The prosecutor’s ability to obtain Leese’s phone records through a grand jury without her knowledge demonstrates the inadequacies of current legal protections for the electronic communications of journalists. Typically, members of the news media are protected from disclosing their sources or newsgathering materials by state shield laws, or the reporter’s privilege stemming from the First Amendment, state constitutions, common law, or court rules. But these laws and privileges do not account for electronic communications through phones, computers, or other technologies.

Ohio’s shield law, for example, does not protect third-party records of journalists’ communications. Absent these safeguards, the government can circumvent shield laws by subpoenaing communication providers, such as phone companies and email services.

In October, Montana became the first state to amend its shield law to completely protect journalists’ electronic communications from government investigation. The “Media Confidentiality Act” prohibits the government from requesting disclosure of “privileged news media information from services that transmit electronic communications.”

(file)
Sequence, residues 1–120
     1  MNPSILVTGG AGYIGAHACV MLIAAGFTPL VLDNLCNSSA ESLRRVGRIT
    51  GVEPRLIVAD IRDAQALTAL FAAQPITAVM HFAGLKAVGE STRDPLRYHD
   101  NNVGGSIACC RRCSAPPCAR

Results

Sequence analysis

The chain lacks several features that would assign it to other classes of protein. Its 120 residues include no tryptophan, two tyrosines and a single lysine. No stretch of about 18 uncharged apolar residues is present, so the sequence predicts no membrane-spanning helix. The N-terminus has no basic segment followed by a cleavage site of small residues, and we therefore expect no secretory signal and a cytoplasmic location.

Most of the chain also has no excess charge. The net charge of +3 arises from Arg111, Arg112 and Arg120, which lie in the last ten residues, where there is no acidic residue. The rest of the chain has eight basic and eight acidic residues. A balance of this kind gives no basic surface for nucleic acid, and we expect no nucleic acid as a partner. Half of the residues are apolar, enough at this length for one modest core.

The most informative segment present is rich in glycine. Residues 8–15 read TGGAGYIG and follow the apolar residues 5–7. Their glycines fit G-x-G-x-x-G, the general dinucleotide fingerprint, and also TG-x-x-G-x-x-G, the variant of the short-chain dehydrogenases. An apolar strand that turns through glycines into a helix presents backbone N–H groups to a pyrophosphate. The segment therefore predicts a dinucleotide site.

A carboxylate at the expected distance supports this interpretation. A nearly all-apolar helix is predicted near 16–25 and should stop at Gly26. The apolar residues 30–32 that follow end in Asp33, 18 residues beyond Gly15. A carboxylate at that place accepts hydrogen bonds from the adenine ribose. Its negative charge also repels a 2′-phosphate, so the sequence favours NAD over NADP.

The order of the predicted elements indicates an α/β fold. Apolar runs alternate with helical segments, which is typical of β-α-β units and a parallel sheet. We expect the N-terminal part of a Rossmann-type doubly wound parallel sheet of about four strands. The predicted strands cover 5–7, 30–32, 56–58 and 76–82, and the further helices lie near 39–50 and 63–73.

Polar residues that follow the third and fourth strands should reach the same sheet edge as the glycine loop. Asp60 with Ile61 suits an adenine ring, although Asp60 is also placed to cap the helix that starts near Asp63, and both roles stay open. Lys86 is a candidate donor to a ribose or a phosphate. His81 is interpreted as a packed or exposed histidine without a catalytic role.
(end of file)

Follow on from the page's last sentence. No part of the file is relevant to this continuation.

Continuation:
While not providing a complete bar to subpoenaing third-party electronic communications, the shield laws of three other states — California, Connecticut, and Maine — require notice to journalists prior to seeking information from communication providers. Notice gives journalists the opportunity to fight subpoenas or seek narrowing of the scope. California’s shield law, for example, demands five days’ notice to journalists before third-party providers are subpoenaed.

“I think there needs to be a serious look at the legislation,” Leese said. “Freedom of the press is such a vital part of what makes our democracy work, and if reporters can’t protect their sources, we’ve got a serious problem in our country.”